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Increasing Revenue and Competitive Trade Finance Innovation with Blockchain

Rik De deyn
Senior Innovation Director Financial Services

The European Oracle Fintech Innovation Program publishes articles offering insights from curated Fintech partners.

This article is based on an interview with Rik De Deyn, Senior Innovation Director at the Oracle European Fintech Innovation Program, and Rob Barnes, CEO of TradeIX. The full webinar can be accessed here.

 

Rik De Deyn: Welcome, Rob, to the Oracle Innovation Program in Europe.  I’ve had the pleasure to work with you and your company TradeIX on several opportunities, and I’ve been inspired by the focus you’ve had on making innovation in trade finance real and tangible.

Let me start by asking you how you see the current state of the trade finance market, and what are some of the challenges corporates face today?

Rob Barnes, TradeIX: From the perspective of corporate treasury, there is still a very strong need and focus on enhancing working capital, looking at their entire cash conversion cycle including receivables, payables and inventory.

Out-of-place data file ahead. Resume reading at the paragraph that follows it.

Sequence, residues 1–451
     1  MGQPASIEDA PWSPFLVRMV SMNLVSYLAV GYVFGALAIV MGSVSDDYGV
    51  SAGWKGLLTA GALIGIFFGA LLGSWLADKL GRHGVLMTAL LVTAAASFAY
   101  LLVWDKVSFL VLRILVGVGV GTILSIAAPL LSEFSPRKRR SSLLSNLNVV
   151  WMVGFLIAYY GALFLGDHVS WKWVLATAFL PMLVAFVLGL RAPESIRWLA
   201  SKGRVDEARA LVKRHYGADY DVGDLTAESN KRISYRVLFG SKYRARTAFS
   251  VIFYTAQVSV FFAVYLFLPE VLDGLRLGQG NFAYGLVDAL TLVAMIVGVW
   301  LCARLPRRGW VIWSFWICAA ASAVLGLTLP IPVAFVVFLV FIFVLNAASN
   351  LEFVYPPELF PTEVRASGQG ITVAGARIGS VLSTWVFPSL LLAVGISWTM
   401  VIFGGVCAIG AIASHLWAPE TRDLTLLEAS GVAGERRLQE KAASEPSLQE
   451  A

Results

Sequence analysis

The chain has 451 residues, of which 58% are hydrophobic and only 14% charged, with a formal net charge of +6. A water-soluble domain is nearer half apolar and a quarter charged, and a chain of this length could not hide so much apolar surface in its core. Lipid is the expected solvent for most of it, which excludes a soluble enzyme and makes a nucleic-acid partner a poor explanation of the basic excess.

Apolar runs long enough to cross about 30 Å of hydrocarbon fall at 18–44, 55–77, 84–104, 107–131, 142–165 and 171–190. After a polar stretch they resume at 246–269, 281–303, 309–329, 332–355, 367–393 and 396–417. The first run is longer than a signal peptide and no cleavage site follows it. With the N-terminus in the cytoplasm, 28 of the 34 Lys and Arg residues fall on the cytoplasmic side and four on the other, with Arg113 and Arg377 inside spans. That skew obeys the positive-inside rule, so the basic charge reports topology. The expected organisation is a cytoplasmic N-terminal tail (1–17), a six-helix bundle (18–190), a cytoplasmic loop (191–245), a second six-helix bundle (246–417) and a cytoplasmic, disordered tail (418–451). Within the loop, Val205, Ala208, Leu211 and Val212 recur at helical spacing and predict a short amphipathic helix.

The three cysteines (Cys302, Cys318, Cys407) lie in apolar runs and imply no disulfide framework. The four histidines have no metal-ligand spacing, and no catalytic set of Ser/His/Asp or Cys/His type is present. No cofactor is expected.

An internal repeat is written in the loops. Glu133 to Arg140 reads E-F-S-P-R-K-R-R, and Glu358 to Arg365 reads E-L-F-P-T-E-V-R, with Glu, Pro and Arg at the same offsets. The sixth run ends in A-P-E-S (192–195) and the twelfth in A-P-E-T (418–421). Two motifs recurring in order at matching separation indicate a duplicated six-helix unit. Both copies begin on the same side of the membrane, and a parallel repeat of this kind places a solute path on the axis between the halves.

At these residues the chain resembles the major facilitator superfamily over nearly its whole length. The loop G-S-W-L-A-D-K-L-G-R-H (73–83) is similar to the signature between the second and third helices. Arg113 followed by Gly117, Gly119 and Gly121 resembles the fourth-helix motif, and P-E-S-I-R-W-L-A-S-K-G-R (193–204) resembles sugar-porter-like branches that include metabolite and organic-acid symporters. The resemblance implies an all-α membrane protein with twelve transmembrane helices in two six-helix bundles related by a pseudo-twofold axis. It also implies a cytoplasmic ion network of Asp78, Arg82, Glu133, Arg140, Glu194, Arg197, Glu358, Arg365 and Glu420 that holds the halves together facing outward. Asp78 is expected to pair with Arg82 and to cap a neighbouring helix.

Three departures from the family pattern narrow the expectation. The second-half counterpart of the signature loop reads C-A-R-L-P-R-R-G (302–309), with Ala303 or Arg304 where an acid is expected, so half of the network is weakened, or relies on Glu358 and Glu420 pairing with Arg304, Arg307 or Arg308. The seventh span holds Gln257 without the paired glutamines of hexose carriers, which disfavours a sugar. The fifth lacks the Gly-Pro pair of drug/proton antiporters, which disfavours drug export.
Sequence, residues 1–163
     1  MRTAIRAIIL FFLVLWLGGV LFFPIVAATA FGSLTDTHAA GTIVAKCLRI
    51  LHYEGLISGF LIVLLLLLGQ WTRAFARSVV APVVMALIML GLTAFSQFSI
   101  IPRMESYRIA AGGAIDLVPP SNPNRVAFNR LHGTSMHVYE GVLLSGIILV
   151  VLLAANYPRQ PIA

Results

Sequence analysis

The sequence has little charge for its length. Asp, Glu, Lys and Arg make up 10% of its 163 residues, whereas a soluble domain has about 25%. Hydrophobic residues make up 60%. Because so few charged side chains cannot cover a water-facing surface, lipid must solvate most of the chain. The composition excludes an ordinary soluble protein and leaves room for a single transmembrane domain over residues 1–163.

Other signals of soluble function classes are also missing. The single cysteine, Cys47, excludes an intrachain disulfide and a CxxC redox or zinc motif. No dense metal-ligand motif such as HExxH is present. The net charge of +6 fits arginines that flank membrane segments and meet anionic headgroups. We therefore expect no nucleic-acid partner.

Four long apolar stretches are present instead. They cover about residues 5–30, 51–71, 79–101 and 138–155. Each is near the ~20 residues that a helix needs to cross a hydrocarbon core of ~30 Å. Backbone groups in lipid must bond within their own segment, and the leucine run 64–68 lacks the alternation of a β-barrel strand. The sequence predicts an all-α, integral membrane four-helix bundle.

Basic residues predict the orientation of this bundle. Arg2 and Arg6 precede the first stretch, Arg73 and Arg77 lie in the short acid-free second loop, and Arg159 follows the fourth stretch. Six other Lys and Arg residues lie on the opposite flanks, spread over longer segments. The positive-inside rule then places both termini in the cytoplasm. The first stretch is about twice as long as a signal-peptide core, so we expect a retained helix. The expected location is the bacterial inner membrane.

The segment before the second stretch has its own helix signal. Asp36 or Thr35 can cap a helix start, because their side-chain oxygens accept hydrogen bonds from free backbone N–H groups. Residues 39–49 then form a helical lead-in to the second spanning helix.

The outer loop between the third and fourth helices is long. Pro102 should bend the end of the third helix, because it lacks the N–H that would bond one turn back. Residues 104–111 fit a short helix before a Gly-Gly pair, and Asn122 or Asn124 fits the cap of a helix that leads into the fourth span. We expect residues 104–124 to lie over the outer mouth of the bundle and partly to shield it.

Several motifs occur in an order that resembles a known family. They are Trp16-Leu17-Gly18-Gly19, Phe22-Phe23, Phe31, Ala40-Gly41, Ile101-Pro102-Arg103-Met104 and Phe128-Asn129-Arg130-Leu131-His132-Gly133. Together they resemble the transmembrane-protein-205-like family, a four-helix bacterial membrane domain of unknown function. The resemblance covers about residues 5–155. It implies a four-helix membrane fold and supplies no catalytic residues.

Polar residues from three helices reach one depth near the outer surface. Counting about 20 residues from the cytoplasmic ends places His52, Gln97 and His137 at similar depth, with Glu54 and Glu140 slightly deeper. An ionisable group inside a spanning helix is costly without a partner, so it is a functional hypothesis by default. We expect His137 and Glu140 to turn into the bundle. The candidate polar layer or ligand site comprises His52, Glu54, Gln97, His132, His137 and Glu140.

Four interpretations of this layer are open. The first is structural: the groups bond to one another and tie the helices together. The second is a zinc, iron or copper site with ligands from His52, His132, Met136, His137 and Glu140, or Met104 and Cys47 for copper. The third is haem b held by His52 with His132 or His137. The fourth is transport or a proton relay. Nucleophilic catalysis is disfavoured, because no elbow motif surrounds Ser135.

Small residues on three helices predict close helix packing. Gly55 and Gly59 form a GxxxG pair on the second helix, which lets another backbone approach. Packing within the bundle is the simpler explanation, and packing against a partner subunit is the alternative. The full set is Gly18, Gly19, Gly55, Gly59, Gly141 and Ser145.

Today, there are many options and solutions in the market. However, one of the main challenges we hear from corporates is the need to integrate with multiple applications, different solution providers and financial institutions when looking at working capital and trade finance solutions. In addition, the exchange of the underlying trade data is transmitted between each party through customized communication channels or by email making it not scalable and efficient for them going forward.

Corporate Treasury has no overview and no common platform to manage centrally their trade finance solutions such as availability of credit limits, volumes or pricing, and their trade data is stored on multiple proprietary databases, managed by external parties.

 

Rik De Deyn, Oracle: That’s interesting.  I can imagine that that must create inefficiencies that corporate treasurers should overcome.

Rob Barnes, TradeIX: I agree, managing invoices and payments can be time-consuming and inefficient for a corporate’s treasury and its group entities. They must deal with different currencies, and jurisdictions with unique contract terms and payments requirements.

Because of this, companies often establish multiple local trade finance programs with several financial partners. This often introduces duplication, inefficiencies and lack of standardization across the organization.

Most of the trade finance systems currently used to manage working capital are siloed, highly manual, causing a lack of visibility, and overhead costs. There is a clear need in the market for change, and for a new approach to managing working capital.

 

Rik De Deyn, Oracle: Currently, how is data exchanged between corporates and financial institutions and what does the future look like?